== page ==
The amazing Illustrator Nate Williams shares his ideas for creating ideas 🙂
Here is the breakdown of his awesome list:
Juxtapose / Context
Word Play /Rhymes / Puns /etc
Comparison / Analogy
Can/Can’t and Is/Isn’t
Time / Consequence
Irony / Expectations / Literal Meaning / etc
More suggestions for creative blocks
What works for you? Leave your suggestions in the comments
- change of environment (take a random bus)
- exercise (run, bike, walk, gym, yoga, etc)
- notice the mundane – listen to something new, read something new, eat something new, try something new, buy different brands (toothpaste, soap,etc), use your opposite hand to do common tasks
- have a conversation with an old friend, a new friend, a strangers, etc
- wake up at a different time, go to bed at a different time
- look through old photos and sketchbooks
Tina is also Swiss Miss a wonderful blog I recommend you guys check out
Here is the video I wanted to share with you guys, wow it really is inspiring and humbling
I will be making sure we have more fun in class 🙂
Please complete this one as well and show it to me in class,
Please complete this tutorial and show it to me in class during the time we have to complete the comic strip,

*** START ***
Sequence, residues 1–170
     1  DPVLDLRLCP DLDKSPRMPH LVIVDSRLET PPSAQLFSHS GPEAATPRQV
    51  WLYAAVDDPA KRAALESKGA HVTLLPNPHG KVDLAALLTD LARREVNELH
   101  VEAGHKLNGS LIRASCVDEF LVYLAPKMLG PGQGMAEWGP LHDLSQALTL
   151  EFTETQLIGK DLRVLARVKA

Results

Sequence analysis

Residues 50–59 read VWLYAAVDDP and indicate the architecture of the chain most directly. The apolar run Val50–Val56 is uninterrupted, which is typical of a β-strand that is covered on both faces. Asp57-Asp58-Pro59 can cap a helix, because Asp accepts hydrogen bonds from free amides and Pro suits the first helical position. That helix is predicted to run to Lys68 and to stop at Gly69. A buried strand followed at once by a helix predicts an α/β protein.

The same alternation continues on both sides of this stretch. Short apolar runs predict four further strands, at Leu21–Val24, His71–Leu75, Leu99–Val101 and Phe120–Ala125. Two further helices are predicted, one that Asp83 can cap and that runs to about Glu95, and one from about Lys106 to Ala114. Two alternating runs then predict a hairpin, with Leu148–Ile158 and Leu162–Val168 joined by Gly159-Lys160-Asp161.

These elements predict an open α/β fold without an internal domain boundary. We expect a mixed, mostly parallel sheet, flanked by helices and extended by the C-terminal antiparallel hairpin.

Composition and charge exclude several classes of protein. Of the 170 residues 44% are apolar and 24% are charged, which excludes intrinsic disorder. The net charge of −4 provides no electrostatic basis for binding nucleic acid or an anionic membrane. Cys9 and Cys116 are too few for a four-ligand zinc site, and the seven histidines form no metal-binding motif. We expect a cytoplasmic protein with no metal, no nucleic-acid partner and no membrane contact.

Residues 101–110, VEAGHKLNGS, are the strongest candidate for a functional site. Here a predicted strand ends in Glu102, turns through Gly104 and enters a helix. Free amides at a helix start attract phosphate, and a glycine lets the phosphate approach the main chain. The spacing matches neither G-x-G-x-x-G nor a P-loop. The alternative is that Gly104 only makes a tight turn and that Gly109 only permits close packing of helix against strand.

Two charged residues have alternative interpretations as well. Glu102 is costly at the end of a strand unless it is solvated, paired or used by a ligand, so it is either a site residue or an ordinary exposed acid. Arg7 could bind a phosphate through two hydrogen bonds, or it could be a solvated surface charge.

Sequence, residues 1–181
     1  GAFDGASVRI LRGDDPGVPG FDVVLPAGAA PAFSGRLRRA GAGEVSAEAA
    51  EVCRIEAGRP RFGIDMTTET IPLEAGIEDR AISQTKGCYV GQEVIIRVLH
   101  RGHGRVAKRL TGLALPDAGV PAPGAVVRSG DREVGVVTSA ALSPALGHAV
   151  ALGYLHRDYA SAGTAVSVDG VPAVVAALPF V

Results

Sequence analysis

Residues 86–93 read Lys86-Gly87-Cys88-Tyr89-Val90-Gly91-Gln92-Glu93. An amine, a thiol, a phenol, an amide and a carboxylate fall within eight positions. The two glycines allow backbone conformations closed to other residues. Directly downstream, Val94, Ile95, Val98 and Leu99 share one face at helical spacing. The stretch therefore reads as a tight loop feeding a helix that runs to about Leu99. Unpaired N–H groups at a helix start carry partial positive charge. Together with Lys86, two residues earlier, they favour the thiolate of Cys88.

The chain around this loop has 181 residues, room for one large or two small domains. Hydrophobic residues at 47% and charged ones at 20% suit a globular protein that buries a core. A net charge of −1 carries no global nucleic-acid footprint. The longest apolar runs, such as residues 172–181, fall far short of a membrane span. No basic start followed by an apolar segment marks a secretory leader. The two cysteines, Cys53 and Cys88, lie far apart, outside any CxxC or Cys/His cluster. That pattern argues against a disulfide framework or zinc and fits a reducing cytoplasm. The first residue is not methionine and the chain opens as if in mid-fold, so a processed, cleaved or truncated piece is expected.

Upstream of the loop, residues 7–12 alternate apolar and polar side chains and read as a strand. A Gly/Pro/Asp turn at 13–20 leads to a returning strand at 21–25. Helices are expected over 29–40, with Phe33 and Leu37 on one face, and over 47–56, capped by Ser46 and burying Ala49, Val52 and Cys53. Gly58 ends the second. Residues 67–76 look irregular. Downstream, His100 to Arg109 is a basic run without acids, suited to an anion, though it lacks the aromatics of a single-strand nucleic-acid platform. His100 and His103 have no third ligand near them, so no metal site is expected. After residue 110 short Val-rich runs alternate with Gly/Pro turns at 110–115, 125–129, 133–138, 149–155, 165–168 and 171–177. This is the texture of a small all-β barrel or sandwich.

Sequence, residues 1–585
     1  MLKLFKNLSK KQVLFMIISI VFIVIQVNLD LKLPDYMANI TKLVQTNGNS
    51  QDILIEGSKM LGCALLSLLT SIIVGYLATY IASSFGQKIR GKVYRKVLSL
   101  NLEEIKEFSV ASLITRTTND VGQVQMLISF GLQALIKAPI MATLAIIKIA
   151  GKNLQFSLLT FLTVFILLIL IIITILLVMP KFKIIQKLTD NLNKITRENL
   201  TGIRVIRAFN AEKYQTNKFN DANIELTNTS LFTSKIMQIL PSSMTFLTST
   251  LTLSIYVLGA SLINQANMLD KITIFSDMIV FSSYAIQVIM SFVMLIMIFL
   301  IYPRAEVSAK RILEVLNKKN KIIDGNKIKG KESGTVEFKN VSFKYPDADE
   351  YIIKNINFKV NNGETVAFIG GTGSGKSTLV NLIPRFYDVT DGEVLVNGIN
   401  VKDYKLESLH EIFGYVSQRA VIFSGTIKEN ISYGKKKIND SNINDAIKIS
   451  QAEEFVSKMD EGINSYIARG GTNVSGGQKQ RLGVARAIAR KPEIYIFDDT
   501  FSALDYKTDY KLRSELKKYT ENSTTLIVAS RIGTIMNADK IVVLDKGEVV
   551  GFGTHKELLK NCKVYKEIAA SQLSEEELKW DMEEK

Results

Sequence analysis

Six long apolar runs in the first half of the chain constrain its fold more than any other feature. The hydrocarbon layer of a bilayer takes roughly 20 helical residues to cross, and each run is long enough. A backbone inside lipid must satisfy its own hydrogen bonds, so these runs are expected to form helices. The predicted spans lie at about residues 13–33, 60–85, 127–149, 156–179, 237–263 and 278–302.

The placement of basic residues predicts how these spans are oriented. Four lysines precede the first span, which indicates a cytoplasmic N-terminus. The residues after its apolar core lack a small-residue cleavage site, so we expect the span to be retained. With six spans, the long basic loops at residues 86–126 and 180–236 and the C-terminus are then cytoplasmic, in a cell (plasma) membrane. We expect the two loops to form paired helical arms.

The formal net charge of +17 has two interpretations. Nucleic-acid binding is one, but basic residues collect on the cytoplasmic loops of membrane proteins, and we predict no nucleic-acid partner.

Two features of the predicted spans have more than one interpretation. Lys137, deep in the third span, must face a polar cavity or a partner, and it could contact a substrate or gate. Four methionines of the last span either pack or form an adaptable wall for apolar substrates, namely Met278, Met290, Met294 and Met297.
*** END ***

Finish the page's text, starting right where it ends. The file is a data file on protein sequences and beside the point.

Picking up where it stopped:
This is a good one just to looks through and see the step by step,
We will go over this link in class today hopefully it will help you a lot with composition, etc.
I found this link that has tons of really cool comics strips here are some of my favorites.
YUKO SHIMIZU (清水裕子) is a Japanese illustrator based in New York City and instructor at School of Visual Arts. Newsweek Japan has chosen Yuko as one of “100 Japanese People The World Respects（世界が尊敬する日本人100)” in 2009. Her first self-titled monograph was released world-wide from German publisher Gestalten in 2011. The first childrens book Barbed Wire Baseball (written by Marissa Moss) came out from Abrams in April, 2013.
You may have seen her work on The Gap T-shirts, Pepsi cans, VISA billboards, Microsoft and Target ads, as well as on the book covers of Penguin, Scholastic, DC Comics, and on the pages of NY Times, Time, Rolling Stone, New Yorker and in many other publications over last ten years.
But illustration is actually Yuko’s second career. Although art has always been her passion, she had initially chosen a more practical path of studying advertising and marketing at Waseda University and took a job in corporate PR in Tokyo. It never quite made her happy. At age 22, she was in mid-life crisis.
Yuko ended up working the corporate job for 11 years, so she could figure out what she really wanted in life, as well as to save up just enough to play a biggest gamble of her life: She moved to New York City in 1999, where she briefly spent her childhood, to study art for the first time. Yuko graduated with MFA from SVA’s Illustration as Visual Essay Program in 2003 and has been illustrating since. She has also been teaching the next generation of talents at the alma mater.
She works at her studio in midtown Manhattan, and fulfills her passion of world travel by giving lectures and workshops around the world and various cities in the US. She has not gotten into mid-life crisis since she has became an artist.
Please do not mix her up with another Yuko Shimizu. This Yuko did NOT create Hello Kitty.